Sunday, June 19, 2005

The Pizza That Got Away

We ordered pizza from Papa Johns last night. We ordered it online, actually, which may be a pretty normal thing to do in much of the world, but it's not so common in Smalltown, Indiana. In fact, Papa Johns is the only pizza place in the area with the option of ordering online. Pizza Hut's website allows online ordering in some areas, but not ours.

We don't normally order from
Papa Johns. For some inexplicable reason, Papa Johns puts peppers in the box with every pizza they deliver. I don't care much for peppers, and since the entire pizza -- box and all -- absorb the flavor of the peppers, I don't care much for Papa Johns pizza. But we ordered online from them once quite some time ago because of the convenience of ordering online, and my Wife remembered their pizza as being better than she had expected, so we thought we would give it another try.

We popped online and made our selection. With nothing smaller than a $50 bill -- which is also not normal for us -- we were a little concerned about the driver having change. Wife scoured the web, and there was no mention of the driver carrying limited change, but also no way to include a message with our order asking for change for a $50, so we took our chances and ordered.

Now you might not expect to get much change from a $50 when ordering pizza for your family, but with only my Wife and I and a 22-month-old son, it doesn't take a lot of pizza to make a meal.

We sat back and waited the obligatory thirty minutes or so before a strange car pulled into our driveway. "The pizza's here," I called to my Wife as I headed for the door so she could prepare our drinks, etc.

A friendly enough young guy came bounding up the steps as I walked out to the porch, carrying three small sized pizza boxes in his hand. "That'll be $20.12," he said, stopping abruptly as he saw me holding out a fifty dollar bill.

"I hope you have change for a fifty," I said. "It's the smallest bill I have."

"I don't think I do," he answered, staring at me like a deer caught in the headlights of an oncoming truck.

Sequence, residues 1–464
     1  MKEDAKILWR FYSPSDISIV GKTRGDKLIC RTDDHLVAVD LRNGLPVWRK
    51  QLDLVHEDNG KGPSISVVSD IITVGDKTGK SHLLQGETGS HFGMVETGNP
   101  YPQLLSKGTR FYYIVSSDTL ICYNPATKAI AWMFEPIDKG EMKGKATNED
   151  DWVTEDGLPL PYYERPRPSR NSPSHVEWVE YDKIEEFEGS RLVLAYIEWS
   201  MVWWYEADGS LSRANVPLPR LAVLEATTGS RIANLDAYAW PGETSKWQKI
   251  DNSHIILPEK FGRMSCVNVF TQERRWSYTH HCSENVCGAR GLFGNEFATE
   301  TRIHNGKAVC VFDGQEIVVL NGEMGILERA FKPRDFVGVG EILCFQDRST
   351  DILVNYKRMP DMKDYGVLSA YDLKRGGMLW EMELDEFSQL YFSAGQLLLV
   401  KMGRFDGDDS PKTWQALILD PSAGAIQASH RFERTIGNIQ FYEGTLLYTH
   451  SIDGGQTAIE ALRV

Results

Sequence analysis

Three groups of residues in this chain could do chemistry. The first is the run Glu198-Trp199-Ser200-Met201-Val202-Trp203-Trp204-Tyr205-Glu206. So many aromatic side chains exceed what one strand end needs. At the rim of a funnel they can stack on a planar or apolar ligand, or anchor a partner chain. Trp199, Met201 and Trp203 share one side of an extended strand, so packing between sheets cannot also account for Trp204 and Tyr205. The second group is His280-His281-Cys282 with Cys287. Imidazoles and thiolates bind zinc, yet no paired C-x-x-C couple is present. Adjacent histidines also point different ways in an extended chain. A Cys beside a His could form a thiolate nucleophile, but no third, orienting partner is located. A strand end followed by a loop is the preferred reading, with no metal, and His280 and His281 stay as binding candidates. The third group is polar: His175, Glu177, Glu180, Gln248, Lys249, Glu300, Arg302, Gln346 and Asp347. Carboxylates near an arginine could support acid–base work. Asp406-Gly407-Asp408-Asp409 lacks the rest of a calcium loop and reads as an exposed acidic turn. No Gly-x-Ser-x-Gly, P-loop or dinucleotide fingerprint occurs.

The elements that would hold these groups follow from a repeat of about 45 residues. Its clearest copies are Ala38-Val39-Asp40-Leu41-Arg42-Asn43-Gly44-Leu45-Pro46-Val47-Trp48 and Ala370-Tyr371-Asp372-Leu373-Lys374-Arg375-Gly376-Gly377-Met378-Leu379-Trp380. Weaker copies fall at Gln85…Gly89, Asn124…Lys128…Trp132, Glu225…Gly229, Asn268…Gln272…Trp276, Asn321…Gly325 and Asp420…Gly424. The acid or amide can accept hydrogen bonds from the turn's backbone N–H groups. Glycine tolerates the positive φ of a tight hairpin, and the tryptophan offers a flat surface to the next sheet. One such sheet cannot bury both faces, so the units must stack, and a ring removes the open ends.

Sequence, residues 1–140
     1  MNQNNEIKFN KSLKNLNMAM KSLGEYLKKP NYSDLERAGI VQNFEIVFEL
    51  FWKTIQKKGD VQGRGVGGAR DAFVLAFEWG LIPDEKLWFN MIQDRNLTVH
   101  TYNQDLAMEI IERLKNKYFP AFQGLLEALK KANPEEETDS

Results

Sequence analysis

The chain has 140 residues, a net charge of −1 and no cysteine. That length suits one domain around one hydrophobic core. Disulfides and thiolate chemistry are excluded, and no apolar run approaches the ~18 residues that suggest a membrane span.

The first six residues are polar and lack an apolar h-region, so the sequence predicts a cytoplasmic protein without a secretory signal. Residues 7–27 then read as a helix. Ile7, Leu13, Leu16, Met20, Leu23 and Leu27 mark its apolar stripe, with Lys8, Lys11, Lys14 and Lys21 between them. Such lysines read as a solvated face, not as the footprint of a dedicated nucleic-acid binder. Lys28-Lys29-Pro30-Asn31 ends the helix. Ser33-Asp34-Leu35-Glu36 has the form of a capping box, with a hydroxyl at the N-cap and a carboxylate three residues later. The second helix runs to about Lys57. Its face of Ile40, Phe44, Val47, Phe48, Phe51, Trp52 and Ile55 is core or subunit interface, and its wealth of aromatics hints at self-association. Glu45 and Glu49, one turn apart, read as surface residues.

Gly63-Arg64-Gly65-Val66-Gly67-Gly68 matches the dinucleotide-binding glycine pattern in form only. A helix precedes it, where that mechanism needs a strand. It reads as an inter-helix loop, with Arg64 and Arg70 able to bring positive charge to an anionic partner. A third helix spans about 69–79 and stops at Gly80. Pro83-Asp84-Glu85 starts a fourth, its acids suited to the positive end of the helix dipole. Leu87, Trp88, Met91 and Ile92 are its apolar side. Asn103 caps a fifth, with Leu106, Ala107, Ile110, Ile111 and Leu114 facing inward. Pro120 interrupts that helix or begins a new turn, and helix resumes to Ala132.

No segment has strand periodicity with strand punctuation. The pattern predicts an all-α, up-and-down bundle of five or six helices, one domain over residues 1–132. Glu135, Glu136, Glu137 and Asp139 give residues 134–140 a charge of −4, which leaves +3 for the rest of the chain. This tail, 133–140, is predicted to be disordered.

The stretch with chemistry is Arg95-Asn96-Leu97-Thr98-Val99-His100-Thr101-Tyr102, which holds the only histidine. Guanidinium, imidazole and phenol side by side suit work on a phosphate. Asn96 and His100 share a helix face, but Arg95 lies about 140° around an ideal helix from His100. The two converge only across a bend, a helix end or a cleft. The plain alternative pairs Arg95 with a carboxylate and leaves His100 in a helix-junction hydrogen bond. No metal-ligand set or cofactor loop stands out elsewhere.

"It's the smallest thing I have," I repeated, expecting that he might check his wad of cash to see how much change he had. It seems to me that every time I don't need change, the pizza driver has a wad of bills in his pocket bigger than the gross domestic product of most third-world countries. "If you don't have change, I guess you'll have to take the pizzas back," I said.

"I guess I'll have to take them back then," he said, turning to proceed down the steps and back to his car. I stood there
dumbfounded, and more than just a little upset.

My Wife, of course, was shocked and upset at the news when she heard it. "We'll just call and order
Pizza Hut," I said. "You like it better, anyway."

That's exactly what we did, and this time I was able to tell the person taking my order that I would need the driver to have change for a fifty dollar bill. "Not a problem," she assured me.

Again, the obligatory thirty minutes ticked slowly by before another strange car turned into the driveway. "That'll be $25.31," the driver said as I met him on the porch in a strange deja vu. Just why is
Pizza Hut the most expensive chain pizza in the country, anyway?

"They said you'd have change for a fifty when I called," I said as I held out the same bill the
Papa Johns driver had refused.

"I don't think I do," this driver said, echoing his rival.

"When I called, I told them I would need you to have change for a fifty. If you don't I guess I'll call them and see what they want you to do." I wasn't letting two pizzas get away from me in one night.

The driver counted out seventeen dollars and said, "I don't have it, but I can run to the gas station and break the fifty and bring your change right back." Now we were getting somewhere. This man did not want to go back with the same pizzas he left with.

"Okay," I said, and exchanged money for pizza. "Just bring me back a twenty."

A few moments later, he was back at the door, much faster than he could possibly have made it to any gas station. "I had a twenty in the car," he said.

The deal was done. We got our pizza,
Pizza Hut got our business, the driver got a pretty nice tip, and the Papa Johns employees probably all enjoyed free pizza last night. I guess everyone was a winner.

But I don't think I'll be ordering pizza online from
Papa Johns again any time soon. And I'll try to keep a few smaller bills around the house for the next time. Somehow, I don't think keeping smaller bills will be such a hard thing to do.


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